Since the roll-out of the new online system earlier in July, more than 12,000 visa renewal applications have been received “from people who would otherwise have had to attend Burgh Quay in person”, said a spokesperson for the Department of Justice.

But online inefficiencies have added to confusion and, in some cases, fear for applicants, says Lenihan.

One person got a letter of refusal for her application made in July that was littered, says Lenihan, with “hostile terminology” namely the use of words like “illegal” or “deportation”.

The woman, the de-facto partner of an Irish citizen, was refused permission to stay because she had failed to pay a €300 renewal fee. There wasn’t a way to pay through the website, though.

According to the INIS website, a de-facto relationship “means you and your partner are both committed to a shared life together to the exclusion of all others, as if you were married.”

“Applications may take 12 months to process,” the website says.

“Please note that since your application has been rejected, you may now be considered illegally residing in the State and may become the subject of a Deportation Order if you do not renew your permission,” the woman’s refusal letter says.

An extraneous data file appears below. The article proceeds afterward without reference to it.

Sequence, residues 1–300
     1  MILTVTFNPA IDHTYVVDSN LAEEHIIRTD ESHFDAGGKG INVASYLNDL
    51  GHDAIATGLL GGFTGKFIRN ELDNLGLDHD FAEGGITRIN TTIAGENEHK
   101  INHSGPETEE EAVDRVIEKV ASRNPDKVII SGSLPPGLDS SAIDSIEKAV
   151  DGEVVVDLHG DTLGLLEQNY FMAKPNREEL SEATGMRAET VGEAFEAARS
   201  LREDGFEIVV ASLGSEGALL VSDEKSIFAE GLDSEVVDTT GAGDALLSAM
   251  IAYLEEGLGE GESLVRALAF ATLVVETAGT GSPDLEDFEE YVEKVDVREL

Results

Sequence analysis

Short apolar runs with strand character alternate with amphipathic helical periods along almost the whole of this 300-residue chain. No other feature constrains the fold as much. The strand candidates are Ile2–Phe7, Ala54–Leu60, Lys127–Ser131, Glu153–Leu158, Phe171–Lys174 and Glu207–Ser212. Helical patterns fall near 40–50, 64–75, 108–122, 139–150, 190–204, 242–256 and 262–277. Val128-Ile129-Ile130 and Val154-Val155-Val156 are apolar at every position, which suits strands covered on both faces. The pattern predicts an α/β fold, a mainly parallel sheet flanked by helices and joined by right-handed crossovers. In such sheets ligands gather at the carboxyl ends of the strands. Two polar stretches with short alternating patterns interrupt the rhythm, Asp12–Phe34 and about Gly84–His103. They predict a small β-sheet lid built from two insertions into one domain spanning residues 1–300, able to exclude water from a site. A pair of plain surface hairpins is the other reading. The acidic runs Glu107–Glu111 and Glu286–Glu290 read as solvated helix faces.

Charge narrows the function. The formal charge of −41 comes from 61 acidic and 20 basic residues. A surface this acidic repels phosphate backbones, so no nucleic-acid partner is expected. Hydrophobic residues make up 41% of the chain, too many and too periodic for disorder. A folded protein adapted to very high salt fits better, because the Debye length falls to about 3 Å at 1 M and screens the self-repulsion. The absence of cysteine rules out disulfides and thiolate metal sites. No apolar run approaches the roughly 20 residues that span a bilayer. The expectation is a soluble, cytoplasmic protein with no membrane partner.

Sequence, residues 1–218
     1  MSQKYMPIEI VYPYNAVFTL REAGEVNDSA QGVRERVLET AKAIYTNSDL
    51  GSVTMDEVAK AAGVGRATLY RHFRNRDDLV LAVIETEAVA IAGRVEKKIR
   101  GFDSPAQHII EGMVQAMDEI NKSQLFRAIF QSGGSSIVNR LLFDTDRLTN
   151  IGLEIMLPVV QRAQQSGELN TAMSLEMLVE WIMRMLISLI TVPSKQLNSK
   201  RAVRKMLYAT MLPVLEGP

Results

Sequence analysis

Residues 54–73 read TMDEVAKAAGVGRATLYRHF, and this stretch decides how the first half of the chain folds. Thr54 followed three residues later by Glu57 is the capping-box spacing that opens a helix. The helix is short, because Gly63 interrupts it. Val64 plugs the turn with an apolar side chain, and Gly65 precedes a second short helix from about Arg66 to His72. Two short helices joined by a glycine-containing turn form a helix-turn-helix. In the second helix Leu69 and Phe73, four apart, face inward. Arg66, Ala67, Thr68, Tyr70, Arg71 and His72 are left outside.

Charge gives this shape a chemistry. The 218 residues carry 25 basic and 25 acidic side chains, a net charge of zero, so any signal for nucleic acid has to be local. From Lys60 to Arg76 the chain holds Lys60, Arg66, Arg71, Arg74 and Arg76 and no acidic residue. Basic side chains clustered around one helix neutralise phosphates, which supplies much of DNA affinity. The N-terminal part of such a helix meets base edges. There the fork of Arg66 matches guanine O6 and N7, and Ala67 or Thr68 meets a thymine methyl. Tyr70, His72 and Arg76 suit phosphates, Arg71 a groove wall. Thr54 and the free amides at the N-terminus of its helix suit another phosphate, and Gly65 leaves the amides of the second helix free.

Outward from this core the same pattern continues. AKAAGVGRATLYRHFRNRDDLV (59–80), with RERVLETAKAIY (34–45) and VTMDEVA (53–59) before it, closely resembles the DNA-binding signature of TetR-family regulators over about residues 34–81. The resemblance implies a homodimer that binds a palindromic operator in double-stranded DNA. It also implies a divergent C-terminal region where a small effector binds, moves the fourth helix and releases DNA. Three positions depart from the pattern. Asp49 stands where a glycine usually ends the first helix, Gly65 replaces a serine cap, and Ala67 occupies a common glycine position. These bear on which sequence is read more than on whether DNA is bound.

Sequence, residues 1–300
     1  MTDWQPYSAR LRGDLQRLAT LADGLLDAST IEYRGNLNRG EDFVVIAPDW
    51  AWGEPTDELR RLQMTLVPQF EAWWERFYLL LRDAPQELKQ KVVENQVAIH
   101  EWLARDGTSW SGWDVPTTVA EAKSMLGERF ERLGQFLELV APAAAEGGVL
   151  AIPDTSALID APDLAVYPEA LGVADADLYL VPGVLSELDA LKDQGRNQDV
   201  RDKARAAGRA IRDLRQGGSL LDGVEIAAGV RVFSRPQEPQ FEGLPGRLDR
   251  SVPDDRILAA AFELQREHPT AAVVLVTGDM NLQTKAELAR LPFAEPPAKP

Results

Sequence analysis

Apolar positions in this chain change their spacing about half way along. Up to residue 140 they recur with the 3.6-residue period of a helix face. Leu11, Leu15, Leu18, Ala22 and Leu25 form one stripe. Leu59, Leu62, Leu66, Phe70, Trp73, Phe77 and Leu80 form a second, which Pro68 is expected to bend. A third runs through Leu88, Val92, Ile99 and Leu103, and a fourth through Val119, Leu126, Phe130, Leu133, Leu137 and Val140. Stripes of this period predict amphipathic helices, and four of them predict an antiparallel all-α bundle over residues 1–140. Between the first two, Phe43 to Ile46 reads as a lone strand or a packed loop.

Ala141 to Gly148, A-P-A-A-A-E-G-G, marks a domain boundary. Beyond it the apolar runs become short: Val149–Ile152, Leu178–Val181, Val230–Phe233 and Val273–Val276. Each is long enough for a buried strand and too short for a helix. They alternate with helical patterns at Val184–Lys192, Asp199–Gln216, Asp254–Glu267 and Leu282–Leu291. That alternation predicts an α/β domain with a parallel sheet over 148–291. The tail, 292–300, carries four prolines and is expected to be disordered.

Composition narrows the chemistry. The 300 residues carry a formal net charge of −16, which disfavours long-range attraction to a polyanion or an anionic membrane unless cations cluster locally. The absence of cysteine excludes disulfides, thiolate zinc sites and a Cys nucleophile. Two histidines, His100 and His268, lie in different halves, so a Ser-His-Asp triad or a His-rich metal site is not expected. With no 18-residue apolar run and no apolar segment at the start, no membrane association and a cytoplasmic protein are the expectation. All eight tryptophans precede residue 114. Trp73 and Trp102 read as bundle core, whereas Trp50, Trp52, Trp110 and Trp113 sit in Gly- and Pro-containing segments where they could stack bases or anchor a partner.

A spokesperson for the Department of Justice said that technical mistakes were responsible for that refusal.

“It would appear the system is treating an application for a de-facto partner as if it was a category for which the fee is waived,” the spokesperson said.

The department’s “development team” is looking to rectify the issue. “We apologise for any inconveniences caused,” they said.

Lenihan of the Immigrant Council said, though, that inflammatory terms such as “deportation” and “illegal” indicate a lack of accountability on the part of the department.

The current approach fails to take into account instances when the issue is related to dysfunctions in the system, he says.

The hostile language is something he’s taken issue with for a long time, he says. “You’re using this language and phraseology for someone whose application was rejected over pure technical issues.”

A spokesperson for the Department of Justice said that letters are worded that way “to ensure applicants are unambiguously clear as to the possible consequences of failing to re-register”.

The idea is to avoid “anyone becoming unlawfully resident in state through a misunderstanding”, they said.

“We do accept that the current wording may cause anxiety amongst applicants and we are re-examining the wording and will rephrase it more appropriately,” the spokesperson said.

Shamim Malekmian

Shamim Malekmian covers the immigration beat for Dublin Inquirer. Reach her at